1. Plenty of instructors express doubts about the effects of hauling the line during the cast; however lots of discussions on basic physics and some video experiments (vimeo.com/album/1532129) seem to have had an effect on how some of them address this issue lately.

Nonetheless a last objection remains: They say that, although hauling obviously does load the rod, mentioning it is misleading, since the main goal of hauling is to give more speed to the line via the line hand.
And this is very true: rod loading is only a byproduct of the haul; but why point out this issue only when it comes to hauling? In fact rod loading is always a byproduct of the casting process.

For years flycasting has been summarized in sentences like “loading the rod and then unloading it to propel the line”. This mantra, repeated so many times, led to the idea that every action by the caster that results in rod loading is good just due to that; logically, from that we should deduct that our casting problems come from failing to load the rod.

This is totally misleading because the main use of loading/unloading the rod is not to propel the line whatsoever. The function of rod loading is to allow us to apply force in the direction of the target along a longer distance, so we can transfer more energy to the line.

And you might be wondering: What does all of this have to do with the title of this experiment? Is this guy getting mad? Well, not totally… yet. :-D

The difficulties of practicing roll casts on grass have been traditionally explained by "the grass doesn't grip the line like the water does, so the rod doesn't load, making the cast more difficult". And what I had in mind was: if supporting that hauling loads the rod (something that, in fact, does) is considered misleading, what to say about defending that the anchor in a roll cast loads the rod, if, in fact, it doesn't?
This has encouraged me to edit some new footage to analyze the origin of the problems with the roll cast.

This previous material might be of interest also:

And also this one:
vimeo.com/album/1529848

I might be wrong in my analysis, so any feedback will be very welcome.

Edit 25/8/011:

I have found a comment:
sexyloops.co.uk/cgi-bin/theboard_07/ikonboard.cgi?act=ST;f=24;t=13718
It says that "the anchor loads the rod" isn't a very common concept among instructors.
Well, I have read that statement so many times that I think just the opposite: "the anchor loads the rod" has been the most common explanation of the role of the anchor in roll and spey casts.
Just one example taken from page 9 of the book Two-Handed Fly Casting by Al Burh (member of the FFF's Board of Governors and chairman of the Two-Handed Casting Instructor Program):
"The line that is allowed to anchor or rest on the surface will in turn be the resistance or load for the forward cast."

2. Traditional fly casting instruction states that the line follows the rod tip. This video:
vimeo.com/aitorc/does-the-line-follow-the-rod-tip
shows how that idea is just a rough approximation to what actually happens.
One example of the limited value of that statement is bad tracking: if the back and the forward casts are separated by less than 180º in the horizontal plane strange things happen on the tip of the line. Why is that possible if "the line always follows the rod tip"?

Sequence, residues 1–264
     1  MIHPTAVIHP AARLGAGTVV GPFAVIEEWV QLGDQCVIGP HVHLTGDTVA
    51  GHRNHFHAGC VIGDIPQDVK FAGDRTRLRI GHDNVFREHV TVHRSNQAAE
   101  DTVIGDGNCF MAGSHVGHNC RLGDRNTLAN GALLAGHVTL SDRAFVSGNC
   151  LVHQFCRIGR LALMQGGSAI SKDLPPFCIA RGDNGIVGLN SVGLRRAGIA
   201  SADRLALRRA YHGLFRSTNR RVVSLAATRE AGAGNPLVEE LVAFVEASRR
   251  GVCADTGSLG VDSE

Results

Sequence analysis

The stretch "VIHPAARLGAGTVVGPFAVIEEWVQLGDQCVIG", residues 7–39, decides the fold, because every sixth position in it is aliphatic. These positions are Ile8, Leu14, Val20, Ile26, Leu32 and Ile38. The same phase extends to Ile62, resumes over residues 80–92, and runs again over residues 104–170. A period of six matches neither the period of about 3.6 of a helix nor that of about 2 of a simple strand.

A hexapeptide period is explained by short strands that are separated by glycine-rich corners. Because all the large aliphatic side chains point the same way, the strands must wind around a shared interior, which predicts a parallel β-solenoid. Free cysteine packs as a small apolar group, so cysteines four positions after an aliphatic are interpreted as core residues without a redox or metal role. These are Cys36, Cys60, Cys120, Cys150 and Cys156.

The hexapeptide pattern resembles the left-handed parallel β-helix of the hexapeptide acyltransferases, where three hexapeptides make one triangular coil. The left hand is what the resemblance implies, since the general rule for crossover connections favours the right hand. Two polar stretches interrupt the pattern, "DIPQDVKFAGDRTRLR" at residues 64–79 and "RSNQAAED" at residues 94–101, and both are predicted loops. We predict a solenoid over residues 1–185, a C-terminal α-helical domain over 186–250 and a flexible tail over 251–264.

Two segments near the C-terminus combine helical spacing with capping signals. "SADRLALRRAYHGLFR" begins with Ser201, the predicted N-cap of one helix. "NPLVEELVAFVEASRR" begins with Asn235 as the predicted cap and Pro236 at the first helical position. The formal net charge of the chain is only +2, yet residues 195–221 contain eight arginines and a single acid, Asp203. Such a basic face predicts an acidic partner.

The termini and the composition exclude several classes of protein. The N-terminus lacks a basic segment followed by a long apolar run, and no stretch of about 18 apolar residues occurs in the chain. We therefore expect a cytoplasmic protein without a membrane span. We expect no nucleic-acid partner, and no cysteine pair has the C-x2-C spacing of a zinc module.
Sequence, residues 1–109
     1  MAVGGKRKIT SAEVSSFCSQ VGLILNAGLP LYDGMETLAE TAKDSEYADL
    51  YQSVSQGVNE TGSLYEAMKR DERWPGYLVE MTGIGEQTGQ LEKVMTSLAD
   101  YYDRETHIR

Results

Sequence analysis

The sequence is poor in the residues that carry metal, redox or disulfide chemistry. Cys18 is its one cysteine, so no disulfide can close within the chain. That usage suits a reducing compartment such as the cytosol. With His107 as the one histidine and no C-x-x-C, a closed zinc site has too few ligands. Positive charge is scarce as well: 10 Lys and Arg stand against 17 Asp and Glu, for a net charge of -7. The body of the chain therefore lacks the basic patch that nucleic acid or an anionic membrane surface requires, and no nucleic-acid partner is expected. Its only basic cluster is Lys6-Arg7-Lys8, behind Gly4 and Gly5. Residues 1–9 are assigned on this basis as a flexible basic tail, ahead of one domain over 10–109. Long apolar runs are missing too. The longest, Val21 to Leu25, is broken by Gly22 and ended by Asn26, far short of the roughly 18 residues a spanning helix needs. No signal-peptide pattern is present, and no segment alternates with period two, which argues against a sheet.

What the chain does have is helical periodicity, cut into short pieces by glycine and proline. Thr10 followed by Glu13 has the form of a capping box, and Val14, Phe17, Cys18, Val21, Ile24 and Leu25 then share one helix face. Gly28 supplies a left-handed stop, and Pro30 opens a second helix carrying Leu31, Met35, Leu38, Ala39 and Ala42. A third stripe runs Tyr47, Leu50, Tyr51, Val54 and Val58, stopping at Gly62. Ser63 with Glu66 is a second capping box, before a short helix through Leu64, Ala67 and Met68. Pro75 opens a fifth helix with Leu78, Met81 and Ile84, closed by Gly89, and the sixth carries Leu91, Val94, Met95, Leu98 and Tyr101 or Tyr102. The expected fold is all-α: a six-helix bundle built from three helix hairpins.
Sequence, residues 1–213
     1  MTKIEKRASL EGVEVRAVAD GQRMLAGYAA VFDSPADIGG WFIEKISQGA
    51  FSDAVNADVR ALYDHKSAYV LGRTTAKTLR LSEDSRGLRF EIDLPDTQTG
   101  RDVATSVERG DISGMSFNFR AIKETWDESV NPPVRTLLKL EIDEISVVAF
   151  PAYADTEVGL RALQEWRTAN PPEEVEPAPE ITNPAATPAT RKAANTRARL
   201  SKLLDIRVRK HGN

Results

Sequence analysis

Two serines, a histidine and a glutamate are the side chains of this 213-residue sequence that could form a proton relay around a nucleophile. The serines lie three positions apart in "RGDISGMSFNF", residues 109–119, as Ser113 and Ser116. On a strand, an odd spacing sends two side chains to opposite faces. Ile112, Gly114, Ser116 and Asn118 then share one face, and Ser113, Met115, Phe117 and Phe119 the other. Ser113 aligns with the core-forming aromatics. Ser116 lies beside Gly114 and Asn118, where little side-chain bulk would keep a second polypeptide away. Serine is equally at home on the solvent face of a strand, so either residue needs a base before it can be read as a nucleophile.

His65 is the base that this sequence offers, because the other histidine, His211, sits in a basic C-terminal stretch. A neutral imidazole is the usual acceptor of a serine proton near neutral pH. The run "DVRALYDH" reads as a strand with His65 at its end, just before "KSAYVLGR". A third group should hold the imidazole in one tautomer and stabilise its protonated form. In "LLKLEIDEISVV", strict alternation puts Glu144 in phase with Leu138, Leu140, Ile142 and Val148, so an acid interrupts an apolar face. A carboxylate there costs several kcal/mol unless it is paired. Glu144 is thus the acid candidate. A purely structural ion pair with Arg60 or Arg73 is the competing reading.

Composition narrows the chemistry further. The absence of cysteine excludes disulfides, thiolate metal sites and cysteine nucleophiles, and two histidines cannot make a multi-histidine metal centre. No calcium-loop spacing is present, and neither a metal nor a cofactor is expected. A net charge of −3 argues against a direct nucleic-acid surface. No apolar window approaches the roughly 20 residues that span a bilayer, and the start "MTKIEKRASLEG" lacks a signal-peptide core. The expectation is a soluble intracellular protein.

In this new video example we can clearly see what happens when we have a faulty tracking:
1.- Since only part of the line moves in the direction of the rod tip motion a wave appears in the rod leg of the loop; that wave travels down the line.
2.-The tip of the line is put in motion in a different direction, and as Newton taught us, that length of line tries to keep moving in that direction due to its inertia. At a given time, the line and the leader are positioned 90º from each other. That's the explanation for the curve cast presentation that sometimes results from these faulty casts.

The same phenomenon (though in a more vertically oriented plane) is behind the problem of the "dangling end" that appears when casting medium to long lengths of line:
vimeo.com/aitorc/dangling-end-explained

3. A sequel of this previous video:

This is how I understand it by now. Most probably I am missing something... or getting it wrong.
Feedback is very welcome.

Edit:
Due to my very limited knowledge of physics what I consider to be a wave maybe isn't a real wave in a technical sense.
Anyway, wave or simple bend in the line, it is what explains the source of the Dangling End on long carries and other similar issues due to tracking faults.

4. "When moving the rod forward parallel to the surface the rod tip will curve to the left, causing the leader and line end to follow the same curved path."

"Rebound is essential for making an overpowered curve."

We have read statements like those quoted above a lot of times. Is this what really happens?
This experiment shows that an overpowered curve in the end of the "line" doesn't need any counterflex or rebound in the rod to be made.
In fact the only condition needed is that when the loop gets straight there is some energy left in the line; the more energy left the more pronounced the effect.